It is very unclear to me whether this book is meant to be part of a series or a standalone. The author leaves the readers with a cliffhanger, but I cannot find any references to a sequel.
Author: Frank Herbert
Page Count: 694
Series: Dune Chronicles, Book 1
Publishing Date/Publisher: October 25, 2016 by Penguin Group (first published in June 1965)
Review: Well if Lonesome Dove is my Western genre comparison to A Game of Thrones, Dune is my science fiction comparison. It’s a long epic about shifting allegiances, dynamic power plays, violence, and unexpected deaths. Admittedly this book moved up my TBR list because of the upcoming film adaptation starring my boy Jason Momoa as Duncan Idaho. I haven’t watched any other film adaptations, so I look forward to seeing how this story plays out on the big screen.
Aside from that, this book confirmed a suspicion about myself that I have theorized about but not really tested…hardcore science fiction and/or space operas are not really my jam. My lukewarm feelings about both The Left Hand of Darkness and this book have confirmed it. Of course this isn’t to say that I will never again delve into this literary realm…it’s just that it seems I prefer my science fiction to have a little more fantasy woven into it.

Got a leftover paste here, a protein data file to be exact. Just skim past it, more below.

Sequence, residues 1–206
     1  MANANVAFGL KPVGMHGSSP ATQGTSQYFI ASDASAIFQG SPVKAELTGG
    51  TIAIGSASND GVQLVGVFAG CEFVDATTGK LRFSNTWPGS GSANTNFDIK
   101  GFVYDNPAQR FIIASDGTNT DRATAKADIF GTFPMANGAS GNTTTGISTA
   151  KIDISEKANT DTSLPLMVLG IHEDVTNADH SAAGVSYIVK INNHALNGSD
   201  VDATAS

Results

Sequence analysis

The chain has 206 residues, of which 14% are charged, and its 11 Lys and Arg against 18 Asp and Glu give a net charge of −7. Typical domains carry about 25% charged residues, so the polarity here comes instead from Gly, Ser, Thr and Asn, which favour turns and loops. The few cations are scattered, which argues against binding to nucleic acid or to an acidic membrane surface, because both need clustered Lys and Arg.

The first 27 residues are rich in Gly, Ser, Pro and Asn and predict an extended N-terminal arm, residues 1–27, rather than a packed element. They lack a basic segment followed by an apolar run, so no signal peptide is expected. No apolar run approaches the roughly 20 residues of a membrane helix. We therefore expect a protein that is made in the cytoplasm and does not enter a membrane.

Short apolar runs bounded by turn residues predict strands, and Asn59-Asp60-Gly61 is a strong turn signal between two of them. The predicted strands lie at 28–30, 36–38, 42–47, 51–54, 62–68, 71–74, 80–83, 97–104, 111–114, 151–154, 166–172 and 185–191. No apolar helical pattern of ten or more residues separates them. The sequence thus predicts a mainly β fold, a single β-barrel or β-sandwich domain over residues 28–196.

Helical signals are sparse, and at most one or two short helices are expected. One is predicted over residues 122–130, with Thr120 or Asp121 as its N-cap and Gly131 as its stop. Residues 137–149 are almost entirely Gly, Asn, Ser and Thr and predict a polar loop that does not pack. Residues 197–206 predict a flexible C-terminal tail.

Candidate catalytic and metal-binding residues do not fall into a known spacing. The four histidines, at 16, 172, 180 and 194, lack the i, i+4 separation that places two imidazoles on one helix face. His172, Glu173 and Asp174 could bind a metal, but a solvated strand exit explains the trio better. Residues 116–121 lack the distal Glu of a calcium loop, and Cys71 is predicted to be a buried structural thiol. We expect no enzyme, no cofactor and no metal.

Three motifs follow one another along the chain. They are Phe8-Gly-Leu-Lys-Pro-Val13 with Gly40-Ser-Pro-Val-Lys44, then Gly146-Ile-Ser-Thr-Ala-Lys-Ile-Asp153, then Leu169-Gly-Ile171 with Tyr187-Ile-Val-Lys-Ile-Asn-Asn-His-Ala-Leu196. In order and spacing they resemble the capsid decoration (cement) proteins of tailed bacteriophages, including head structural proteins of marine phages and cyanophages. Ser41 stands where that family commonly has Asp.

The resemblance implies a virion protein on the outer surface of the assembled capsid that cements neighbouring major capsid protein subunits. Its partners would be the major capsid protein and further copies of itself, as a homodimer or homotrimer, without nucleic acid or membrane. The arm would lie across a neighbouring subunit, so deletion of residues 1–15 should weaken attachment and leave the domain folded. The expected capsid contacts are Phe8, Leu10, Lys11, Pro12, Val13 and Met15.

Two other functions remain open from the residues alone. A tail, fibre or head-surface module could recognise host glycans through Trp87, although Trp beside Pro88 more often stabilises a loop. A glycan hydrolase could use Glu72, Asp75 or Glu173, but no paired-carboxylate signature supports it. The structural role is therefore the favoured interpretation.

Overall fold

I was not a huge fan of Herbert’s writing style, but I do have to give him credit for his world building skills. The Appendices at the end of the book were helpful because there are many characters, planets, and legends to keep track of. I recommend glancing through it periodically as you read the book for clarity and context.